With the World Series of Poker’s move to Ballys and Paris on the Las Vegas Strip, the festival that runs from May 31 to July 20 will prove new to everyone, whether you’ve attended annually or haven’t been in a decade.
While some things remain the same, such as certain events on the schedule and their start times, many aspects of the series will be completely different as players familiarize themselves with the new venues.
CardsChat recently dove into how to save money with the WSOP’s move to the Strip. Today, we’ll look at some tips for navigating the series in its new location.
Poker formats divided between ballrooms
The usage of both Paris and Ballys for the series will allow for about 600 poker tables to be placed across 150,000 square feet of tournament space. WSOP Executive Director Ty Stewart called it “the best facilities we’ve ever had.” Certainly, if you’ve seen footage or photos of the new digs, the chandeliers in Paris beat the overhead lighting at the Rio, which hosted the WSOP for the previous 17 years.
Fortunately, it’s an easy stroll between the two casinos and their convention spaces through the indoor walkway that connects the properties. Presumably, tournament organizers will place plenty of signage between the two ballrooms directing players so they don’t easily get lost. Fortunately, the Champagne Ballroom in Paris is near the escalators to the parking garage, which will help with navigation.
But which poker formats are where? The WSOP’s FAQ page points to Paris as the home of most of the action. That casino will host all Day 1 starts, cash games (including the high-roller King’s Lounge), single-table and mega satellites, and deep-stack events. Meanwhile, Ballys will host Day 2 restarts, all final tables, and overflow — as needed — for Day 1s of large-field tournaments. The Ballys Event Center will be home to featured tables for CBS telecasts.
The WSOP posted a helpful video this week hosted by tournament announcers Lon McEachern and Norman Chad that offers useful information about the layout and plans:
In addition, the Ballys poker room, located near Nosh Deli and the keno lounge, will remain open during the WSOP.
A note: it will be curious to see how the availability of several poker rooms within walking distance affects cash games at the WSOP this summer. With players less landlocked, there could be increased action at places like Aria and Bellagio and fewer games in the WSOP tournament venue. As always, keep the Bravo app on your phone so you can track cash game availability in the area poker rooms.
When to register
One of the more annoying aspects of the WSOP are the often-long registration lines. On days of events that should have massive fields, such as the Housewarming, Colossus, Monster Stack, etc., you can expect lines to snake down hallways. Last year’s Reunion tournament generated 12,973 entries, for example, even with the WSOP held in the fall during a pandemic and international players barred for most of the series.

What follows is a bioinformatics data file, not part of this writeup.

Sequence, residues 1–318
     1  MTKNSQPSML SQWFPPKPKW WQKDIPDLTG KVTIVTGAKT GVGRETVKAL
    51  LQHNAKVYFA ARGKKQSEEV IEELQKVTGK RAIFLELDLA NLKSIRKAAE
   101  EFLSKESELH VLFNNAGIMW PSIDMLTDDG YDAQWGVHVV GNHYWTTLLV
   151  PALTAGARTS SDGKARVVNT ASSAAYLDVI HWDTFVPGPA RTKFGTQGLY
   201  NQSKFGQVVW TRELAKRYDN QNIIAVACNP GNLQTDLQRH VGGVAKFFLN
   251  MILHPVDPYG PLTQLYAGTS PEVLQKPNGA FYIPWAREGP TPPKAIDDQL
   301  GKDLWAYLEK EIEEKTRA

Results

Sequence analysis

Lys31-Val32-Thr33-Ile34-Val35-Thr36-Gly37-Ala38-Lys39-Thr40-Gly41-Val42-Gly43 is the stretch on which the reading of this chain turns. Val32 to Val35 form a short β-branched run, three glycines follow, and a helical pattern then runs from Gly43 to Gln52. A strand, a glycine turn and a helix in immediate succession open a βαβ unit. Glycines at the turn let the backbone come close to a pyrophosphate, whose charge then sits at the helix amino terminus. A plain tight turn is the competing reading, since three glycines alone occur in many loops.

Even on days that don’t have massive-field events, lines can get long right before and immediately after the scheduled start times for tournaments since players often wait until the last minute to register.
If you want to avoid those lines, register at off times. I can tell you from personal experience, being an early bird myself, that lines are practically nonexistent in the mornings between 6 am and 8 am Another good time for registration is after 9:30 pm since the last daily deep stack tournament kicks off at 9 pm.
Remember that, with the move to the Strip, registration will occur in the Champagne Ballroom at Paris.
A good way to avoid the registration lines is to use the automated FasTrac kiosks, which will be set up in the WSOP venues. But note that the lines for these can also grow long in the hour before large tournaments.
Familiarize yourself with the new venues
You don’t want to hit the first break of your first tournaments and have no clue in which direction to turn to find the nearest bathroom. So, it’s important to learn where facilities are in these new venues before then.
As an example, I plan to arrive in Vegas on the evening of June 4 to play the next day’s Housewarming flight. I’ll take the time that evening to not only scope out the restrooms, but also to note the location of exits for access to fresh air, the best food options, etc. One aspect of the WSOP that won’t change with the move to the Strip is the throngs of players rushing this way and that on tournament breaks.
Knowing where to go will help you beat the rush.
Johnny Kampis — the author of “The Essential Guide to Vegas during the World Series of Poker” and “Vegas or Bust: A Family Man Takes on the Poker Pros” — has been making the summer trek to Las Vegas from Alabama since 2004. When not playing poker, he’s a professional journalist who’s written for American Spectator, Fox News, HuffPost, Watchdog.org, and many others. He currently writes for the Taxpayers Protection Alliance and serves on the FCC’s media advisory panel.
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